This previously unknown globular cluster, detected with the aid of the European Southern Observatory’s New Technology Telescope at La Silla, Chile, is about seven light years wide (slightly less than twice the distance between the Sun and its nearest star, Proxima Centauri) but contains approximately 100,000 stars for a total estimated mass of 65,000 times the mass of the Sun.
Star clusters provide scientists with unique laboratory conditions to investigate various aspects of astrophysics. They represent groups of stars with similar ages, chemical element abundances and distances. Globular clusters, in particular, are fossils in the Milky Way that provide useful information. With ages of about 10 billion years, they are among the oldest objects in our galaxy – almost as old as the universe itself. These massive, spherical shaped star clusters are therefore witnesses of the early, mysterious ages of the universe.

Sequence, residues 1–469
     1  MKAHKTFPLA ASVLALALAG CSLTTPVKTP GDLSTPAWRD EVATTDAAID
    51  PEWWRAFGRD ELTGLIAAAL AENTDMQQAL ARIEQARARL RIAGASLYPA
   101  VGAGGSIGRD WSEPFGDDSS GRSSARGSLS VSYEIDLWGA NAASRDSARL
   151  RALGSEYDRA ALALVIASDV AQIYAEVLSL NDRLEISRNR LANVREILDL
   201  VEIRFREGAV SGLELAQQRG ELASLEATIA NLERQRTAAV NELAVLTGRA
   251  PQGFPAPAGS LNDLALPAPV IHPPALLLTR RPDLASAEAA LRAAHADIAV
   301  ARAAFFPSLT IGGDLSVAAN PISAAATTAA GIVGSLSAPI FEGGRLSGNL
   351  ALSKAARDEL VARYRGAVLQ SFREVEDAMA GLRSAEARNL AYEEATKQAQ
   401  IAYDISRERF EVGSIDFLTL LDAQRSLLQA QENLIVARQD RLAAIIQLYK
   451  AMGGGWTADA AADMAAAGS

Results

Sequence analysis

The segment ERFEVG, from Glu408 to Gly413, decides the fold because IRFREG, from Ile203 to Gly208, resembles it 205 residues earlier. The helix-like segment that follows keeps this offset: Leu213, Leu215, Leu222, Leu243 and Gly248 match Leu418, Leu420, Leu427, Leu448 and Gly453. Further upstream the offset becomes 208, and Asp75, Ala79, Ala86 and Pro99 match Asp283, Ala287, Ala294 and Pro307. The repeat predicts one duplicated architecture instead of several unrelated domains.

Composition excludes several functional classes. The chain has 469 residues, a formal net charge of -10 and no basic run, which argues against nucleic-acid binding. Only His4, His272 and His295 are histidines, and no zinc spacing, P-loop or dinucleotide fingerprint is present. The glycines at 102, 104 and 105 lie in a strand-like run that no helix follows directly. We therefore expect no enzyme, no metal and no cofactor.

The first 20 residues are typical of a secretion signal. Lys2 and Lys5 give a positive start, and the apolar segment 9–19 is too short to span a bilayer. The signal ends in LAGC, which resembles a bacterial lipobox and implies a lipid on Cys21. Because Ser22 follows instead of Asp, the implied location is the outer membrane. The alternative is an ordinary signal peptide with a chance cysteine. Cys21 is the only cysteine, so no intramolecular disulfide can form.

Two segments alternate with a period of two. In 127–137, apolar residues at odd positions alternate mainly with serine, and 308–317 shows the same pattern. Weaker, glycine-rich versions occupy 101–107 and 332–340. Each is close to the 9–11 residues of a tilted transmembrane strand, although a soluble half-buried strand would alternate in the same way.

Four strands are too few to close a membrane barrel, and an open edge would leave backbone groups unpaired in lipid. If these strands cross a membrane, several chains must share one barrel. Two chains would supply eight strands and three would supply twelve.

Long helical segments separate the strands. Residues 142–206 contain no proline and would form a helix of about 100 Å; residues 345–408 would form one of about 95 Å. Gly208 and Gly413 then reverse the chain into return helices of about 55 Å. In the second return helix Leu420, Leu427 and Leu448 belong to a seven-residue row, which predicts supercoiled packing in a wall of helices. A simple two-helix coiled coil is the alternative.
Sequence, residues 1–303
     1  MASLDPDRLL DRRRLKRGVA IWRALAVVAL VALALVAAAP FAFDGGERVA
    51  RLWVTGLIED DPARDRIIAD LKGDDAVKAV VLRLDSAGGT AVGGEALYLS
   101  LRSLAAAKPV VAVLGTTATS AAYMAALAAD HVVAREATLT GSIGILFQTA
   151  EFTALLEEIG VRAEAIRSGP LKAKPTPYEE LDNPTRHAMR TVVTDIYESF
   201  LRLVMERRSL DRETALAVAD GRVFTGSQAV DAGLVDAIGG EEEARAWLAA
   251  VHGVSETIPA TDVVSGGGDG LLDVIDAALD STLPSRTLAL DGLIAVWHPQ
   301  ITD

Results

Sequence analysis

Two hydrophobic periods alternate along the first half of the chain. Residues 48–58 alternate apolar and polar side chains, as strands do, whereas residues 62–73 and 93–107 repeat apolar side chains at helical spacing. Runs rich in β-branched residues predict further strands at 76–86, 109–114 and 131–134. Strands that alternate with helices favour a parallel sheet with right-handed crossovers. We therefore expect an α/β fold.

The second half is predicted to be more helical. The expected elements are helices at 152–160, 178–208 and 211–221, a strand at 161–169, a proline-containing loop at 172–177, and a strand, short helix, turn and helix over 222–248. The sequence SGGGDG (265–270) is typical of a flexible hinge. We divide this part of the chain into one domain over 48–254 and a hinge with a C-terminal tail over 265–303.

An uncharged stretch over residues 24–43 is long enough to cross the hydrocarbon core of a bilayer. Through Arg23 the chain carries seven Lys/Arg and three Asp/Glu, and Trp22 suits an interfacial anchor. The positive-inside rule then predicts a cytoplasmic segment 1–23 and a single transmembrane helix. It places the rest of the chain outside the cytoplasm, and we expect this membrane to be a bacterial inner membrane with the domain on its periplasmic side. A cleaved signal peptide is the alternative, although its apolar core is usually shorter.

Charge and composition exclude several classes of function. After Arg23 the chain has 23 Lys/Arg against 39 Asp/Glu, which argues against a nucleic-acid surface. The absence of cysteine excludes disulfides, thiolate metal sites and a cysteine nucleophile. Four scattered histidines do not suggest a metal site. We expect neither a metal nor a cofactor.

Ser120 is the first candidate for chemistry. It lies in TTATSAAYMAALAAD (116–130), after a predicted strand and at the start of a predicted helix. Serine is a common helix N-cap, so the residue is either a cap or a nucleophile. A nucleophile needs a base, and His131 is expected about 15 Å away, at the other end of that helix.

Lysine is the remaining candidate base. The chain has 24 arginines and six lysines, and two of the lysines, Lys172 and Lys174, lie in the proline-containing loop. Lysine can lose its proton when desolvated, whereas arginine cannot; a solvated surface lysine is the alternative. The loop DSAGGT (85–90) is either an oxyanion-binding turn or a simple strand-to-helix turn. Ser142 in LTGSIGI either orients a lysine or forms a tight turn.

‘Moreover,’ says Dr Froebrich, who was also lead author of the paper presenting the team’s findings, ‘the properties of globular clusters are deeply connected with the history of their host galaxy.
‘We believe today that galaxy collisions, galaxy cannibalism, as well as galaxy mergers leave their imprint in the globular cluster population of any given galaxy. Thus, when investigating globular clusters we hope to be able to use them as an acid test for our understanding of the formation and evolution of galaxies.’
The finding is perhaps all the more significant in that only about 150 globular clusters within our galaxy are known, each containing many hundreds of thousands of stars.
The team is composed of Dr Dirk Froebrich (University of Kent), Dr Helmut Meusinger (Thüringer Landessternwarte Tautenburg, Germany) and Aleks Scholz (University of St Andrews).
Gary Hughes | alfa
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